In their second issue, Appellants assert that the trial court erred by granting summary judgment in favor of Appellees on Appellants' request for declaratory relief. Appellants pleaded that the February 28 Settlement Agreement and the Consolidated Loan Agreement, both of which were executed in 2013, were improper collateral attacks on the 2010 Confession of Judgment. Appellants requested that the trial court "issue a declaratory judgment declaring the parties' rights under these agreements, with respect to the provisions purporting to modify the Confession of Judgment." Specifically, Appellants sought a declaration that the subsequent agreements were "void, voidable, or otherwise invalid" to the extent that they attempted to modify the Confession of Judgment.

         Appellees moved for traditional summary judgment on Appellants' request for declaratory relief on the grounds that the requested relief was barred by the doctrine of res judicata. As set out below, Appellants based their claim of res judicata on litigation occurring between the parties in Freestone County in 2016 in a turnover proceeding. Appellants moved for no-evidence summary judgment on Appellees' res judicata affirmative defense on grounds that there was no evidence that Appellants' request for declaratory relief was based on the same claims as were raised or could have been raised in prior litigation between the parties. We conclude that Appellees established their affirmative defense of res judicata as a matter of law.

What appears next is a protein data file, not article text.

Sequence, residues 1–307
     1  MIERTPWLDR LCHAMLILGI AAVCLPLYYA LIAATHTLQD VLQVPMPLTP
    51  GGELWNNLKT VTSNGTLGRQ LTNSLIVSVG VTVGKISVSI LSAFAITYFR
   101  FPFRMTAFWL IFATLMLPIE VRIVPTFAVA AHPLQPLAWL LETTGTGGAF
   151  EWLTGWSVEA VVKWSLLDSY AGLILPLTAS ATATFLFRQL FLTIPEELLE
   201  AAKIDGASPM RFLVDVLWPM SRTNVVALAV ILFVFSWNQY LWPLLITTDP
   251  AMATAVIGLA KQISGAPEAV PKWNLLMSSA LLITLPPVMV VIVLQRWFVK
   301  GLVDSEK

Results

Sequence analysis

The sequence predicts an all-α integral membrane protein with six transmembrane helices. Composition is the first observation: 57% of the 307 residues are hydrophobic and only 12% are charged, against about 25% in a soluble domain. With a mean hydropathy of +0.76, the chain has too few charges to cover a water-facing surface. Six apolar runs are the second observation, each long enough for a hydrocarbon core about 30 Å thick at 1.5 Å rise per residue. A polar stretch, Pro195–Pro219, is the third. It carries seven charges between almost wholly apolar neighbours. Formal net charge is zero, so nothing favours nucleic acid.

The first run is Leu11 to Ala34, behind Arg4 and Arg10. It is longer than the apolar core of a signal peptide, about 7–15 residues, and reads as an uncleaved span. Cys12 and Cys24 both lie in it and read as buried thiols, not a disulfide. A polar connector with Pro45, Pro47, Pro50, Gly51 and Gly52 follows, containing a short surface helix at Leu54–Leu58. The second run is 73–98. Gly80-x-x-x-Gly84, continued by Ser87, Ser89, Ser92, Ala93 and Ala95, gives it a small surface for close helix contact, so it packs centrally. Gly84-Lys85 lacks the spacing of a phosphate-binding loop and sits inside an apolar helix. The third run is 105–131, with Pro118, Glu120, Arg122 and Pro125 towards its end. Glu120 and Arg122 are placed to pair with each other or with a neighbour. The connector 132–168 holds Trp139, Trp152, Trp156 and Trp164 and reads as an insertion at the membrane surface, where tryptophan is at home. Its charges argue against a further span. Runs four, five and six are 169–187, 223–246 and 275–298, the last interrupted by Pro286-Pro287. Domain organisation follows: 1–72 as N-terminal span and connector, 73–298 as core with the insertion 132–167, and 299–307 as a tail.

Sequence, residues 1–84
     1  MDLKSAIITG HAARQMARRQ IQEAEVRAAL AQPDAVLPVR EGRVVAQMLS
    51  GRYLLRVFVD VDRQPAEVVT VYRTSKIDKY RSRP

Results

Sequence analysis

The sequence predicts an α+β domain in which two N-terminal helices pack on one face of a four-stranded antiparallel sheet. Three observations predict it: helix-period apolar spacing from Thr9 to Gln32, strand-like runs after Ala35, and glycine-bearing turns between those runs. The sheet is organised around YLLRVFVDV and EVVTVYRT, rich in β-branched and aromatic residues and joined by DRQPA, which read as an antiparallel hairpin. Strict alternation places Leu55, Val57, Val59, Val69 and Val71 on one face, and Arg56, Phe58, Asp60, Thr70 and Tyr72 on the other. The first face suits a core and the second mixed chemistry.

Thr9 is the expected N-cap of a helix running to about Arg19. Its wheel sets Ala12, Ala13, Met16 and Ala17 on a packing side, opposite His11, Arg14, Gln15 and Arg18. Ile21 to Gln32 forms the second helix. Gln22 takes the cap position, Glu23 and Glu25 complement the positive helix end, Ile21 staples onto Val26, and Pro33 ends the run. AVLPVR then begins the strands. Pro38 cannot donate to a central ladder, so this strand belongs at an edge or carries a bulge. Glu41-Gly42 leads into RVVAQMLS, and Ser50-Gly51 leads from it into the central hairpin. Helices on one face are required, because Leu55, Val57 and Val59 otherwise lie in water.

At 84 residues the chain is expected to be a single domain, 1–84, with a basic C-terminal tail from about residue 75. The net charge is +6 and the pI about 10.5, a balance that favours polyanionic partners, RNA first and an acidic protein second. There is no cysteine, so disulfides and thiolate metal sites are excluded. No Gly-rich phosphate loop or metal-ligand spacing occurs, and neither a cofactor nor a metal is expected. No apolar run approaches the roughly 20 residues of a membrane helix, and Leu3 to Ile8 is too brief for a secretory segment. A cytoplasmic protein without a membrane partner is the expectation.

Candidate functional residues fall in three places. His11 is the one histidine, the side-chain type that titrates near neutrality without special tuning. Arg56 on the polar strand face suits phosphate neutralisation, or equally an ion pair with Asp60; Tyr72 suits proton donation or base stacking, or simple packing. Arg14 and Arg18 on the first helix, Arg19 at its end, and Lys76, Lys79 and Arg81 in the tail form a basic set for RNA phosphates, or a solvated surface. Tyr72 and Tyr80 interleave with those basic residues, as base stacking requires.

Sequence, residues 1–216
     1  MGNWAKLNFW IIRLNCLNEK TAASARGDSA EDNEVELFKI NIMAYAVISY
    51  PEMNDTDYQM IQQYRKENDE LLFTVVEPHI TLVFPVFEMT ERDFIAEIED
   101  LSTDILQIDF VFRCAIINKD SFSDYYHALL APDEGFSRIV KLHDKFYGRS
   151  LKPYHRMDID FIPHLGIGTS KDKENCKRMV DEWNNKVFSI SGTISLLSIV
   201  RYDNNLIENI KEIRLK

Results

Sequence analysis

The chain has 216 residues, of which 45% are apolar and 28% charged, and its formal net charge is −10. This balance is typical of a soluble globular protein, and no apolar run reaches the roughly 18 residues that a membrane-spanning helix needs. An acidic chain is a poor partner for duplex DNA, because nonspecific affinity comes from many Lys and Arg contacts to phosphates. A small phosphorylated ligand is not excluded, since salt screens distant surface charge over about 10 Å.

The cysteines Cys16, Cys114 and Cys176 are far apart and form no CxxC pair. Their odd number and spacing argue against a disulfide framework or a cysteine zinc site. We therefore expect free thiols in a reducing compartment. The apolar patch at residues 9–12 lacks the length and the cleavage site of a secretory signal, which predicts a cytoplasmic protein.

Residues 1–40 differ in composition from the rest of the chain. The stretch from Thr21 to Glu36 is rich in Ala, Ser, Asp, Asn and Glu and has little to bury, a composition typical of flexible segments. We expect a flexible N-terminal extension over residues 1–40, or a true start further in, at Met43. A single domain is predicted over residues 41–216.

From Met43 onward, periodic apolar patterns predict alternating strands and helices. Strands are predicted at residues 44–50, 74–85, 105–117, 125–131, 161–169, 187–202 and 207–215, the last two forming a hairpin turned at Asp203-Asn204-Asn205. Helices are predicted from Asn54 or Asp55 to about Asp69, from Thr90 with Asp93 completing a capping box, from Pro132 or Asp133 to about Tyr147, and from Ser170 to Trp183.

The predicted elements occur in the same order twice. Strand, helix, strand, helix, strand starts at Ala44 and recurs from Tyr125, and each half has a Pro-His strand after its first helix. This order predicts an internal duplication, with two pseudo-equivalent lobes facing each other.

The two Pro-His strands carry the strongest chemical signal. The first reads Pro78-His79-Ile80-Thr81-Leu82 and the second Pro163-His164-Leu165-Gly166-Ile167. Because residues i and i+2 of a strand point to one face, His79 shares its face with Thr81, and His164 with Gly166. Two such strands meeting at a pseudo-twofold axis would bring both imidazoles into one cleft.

Res judicata, or claim preclusion, is an affirmative defense that prevents the litigation by parties and their privies of matters actually litigated in a previous suit, as well as matters that, with the use of diligence, could have been litigated in a prior suit. Hallco Tex., Inc. v. McMullen Cty., 221 S.W.3d 50, 58 (Tex. 2006); see also Tex. R. Civ. P. 94 (identifying res judicata as an affirmative defense). Texas applies the transactional approach to res judicata, which requires that claims arising out of the same subject matter be litigated in a single lawsuit. Hallco, 221 S.W.3d at 58. "The party relying on the affirmative defense of res judicata must prove (1) a prior final determination on the merits by a court of competent jurisdiction; (2) identity of parties or those in privity with them; and (3) a second action based on the same claims as were or could have been raised in the first action." Travelers Ins. Co. v. Joachim, 315 S.W.3d 860, 862 (Tex. 2010).

         In September 2016, while this case was pending in the trial court, Appellees learned that BHB Operating had recently entered into a settlement agreement in an unrelated lawsuit and received settlement proceeds of $475, 000. Appellees filed an Application for Turnover Relief in Freestone County on September 14, 2016. Appellees asserted in their Application for Turnover Relief that Appellants and BHB Operating still owed money under the Confession of Judgment. Appellants and BHB Operating initially filed a response wherein they disputed the amount due under the Confession of Judgment. They argued that all lawful offsets, payments, and credits had not been accounted for by Appellees. The Freestone County district court held a hearing and, following the receipt of evidence and arguments, signed an order granting Appellees' application for ...